Mistletoe and Christmas After Celtic Pagans were converted to
Christianity, Catholic bishops, with one exception, didn’t allow the mistletoe to be used in churches because it was one of the major symbols of Paganism. Before the Reformation, a priest at the Cathedral of York brought a bundle of mistletoe into the sanctuary each year during Christmastide and put it on the altar as symbolic of Jesus being the Divine Healer of nations.
‘Mistletoe, one of the most magickal and sacred plants of Paganism, symbolizes life and fertility and protects against poison. It was considered an aphrodisiac. ‘
The English used mistletoe as a Christmas decoration for their homes. In Medieval times, branches of mistletoe were hung from ceilings and put over houses and barn doors to repel evil spirits. People believed the plant could extinguish flames. Although much of the Pagan symbolism was forgotten, the plant represented good will, happiness, good fortune and friendship.
‘The sacred mistletoe is a hemiparasite, partial parasite that grows on branches or trunks of trees and has roots that penetrate into the tree for food. The American plant grows on trees while the European mistletoe can also be a green shrub with small yellow flowers and white berries. The plant contains toxins that can cause physical reactions including gastrointestinal disturbances and a slowed heartbeat.’
Mistletoe Sacred to Celtic Druids
The plant has qualities including the power of healing, rendering poisons harmless, good luck, great blessings, bestowing fertility on humans and animals, protection from witchcraft and banishing evil spirits. Enemies who met Druids under the forest mistletoe laid down their weapons, exchanged friendly greetings and kept a truce until the next day. The Celts suspended mistletoe over doorways or in rooms as a symbol of good will and peace to all who visited.
‘Mistletoe was revered by the ancient Druids both magically and medicinally. It’s possible that modern mistletoe traditions have their roots in ancient beliefs.’
Druid Mistletoe Ceremony
The plant is a fertility symbol and the soul of the oak tree. Belief was that the mistletoe could come to the oak tree during a lightning flash. Mistletoe was gathered at mid-summer and winter solstices. The plant, when it grew on the venerated oak tree, was especially sacred to the Celts. On the sixth night of the full moon after Yule, white-robed Druid priests gathered oak mistletoe by cutting the plant with golden sickles. Two white bulls were sacrificed with prayers that the recipients of mistletoe would prosper.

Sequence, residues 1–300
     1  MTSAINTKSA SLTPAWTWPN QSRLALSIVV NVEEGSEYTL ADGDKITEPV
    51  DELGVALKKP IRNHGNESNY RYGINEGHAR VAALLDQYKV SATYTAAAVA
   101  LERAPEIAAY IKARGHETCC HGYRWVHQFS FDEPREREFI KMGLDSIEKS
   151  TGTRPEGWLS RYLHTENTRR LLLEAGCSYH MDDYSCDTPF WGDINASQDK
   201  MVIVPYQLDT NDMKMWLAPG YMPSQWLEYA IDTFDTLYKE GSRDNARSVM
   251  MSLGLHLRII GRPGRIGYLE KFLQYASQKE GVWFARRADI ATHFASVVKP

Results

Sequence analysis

Mistletoe and the Ancient Druids
Pliny the Elder, a Roman historian interested primarily in natural history, recorded valuable information about the Druids and their religious and healing practices. These ancient priests of Celtic lands revered mistletoe as sacred. Pliny stated in Natural History, XVI, 95 that, “The Druids — that is what they call their magicians — hold nothing more sacred than mistletoe and a tree on which it is growing…Mistletoe is rare, and when found, it is gathered with great ceremony, and particularly on the sixth day of the moon.”
In the scene quoted above, the Druids are preparing for a ritual sacrifice which involves a white-robed priest carrying a golden scythe while climbing an oak tree to ritually cut the mistletoe. According to Pliny, it was the Valonia oak the Druid’s believed was the most sacred tree to gather mistletoe from and that it would heal poison and encourage fertility.
Mistletoe in Celtic Art
Celtic art is resplendent with what are believed to be mistletoe motifs. Some artifacts have been found that resemble human male heads adorned with a crown of comma-shaped leaves that resemble mistletoe. Historians believe these finds may be representations of crowned Druid priests.
http://www.mistletoe.org.uk/ A survey of Mistletoe use in Britain
http://www.mistletoes-r-us.co.uk/ Mistletoe matters
http://www.archaeology.co.uk/books/blood-and-mistletoe-the-history-of-the-druids-in-britain.htm The History of Druids – Blood and Mistletoe
Next blog will be about -‘Yule’
Merlin @ Stonehenge
The Stonehenge Stone Circle Website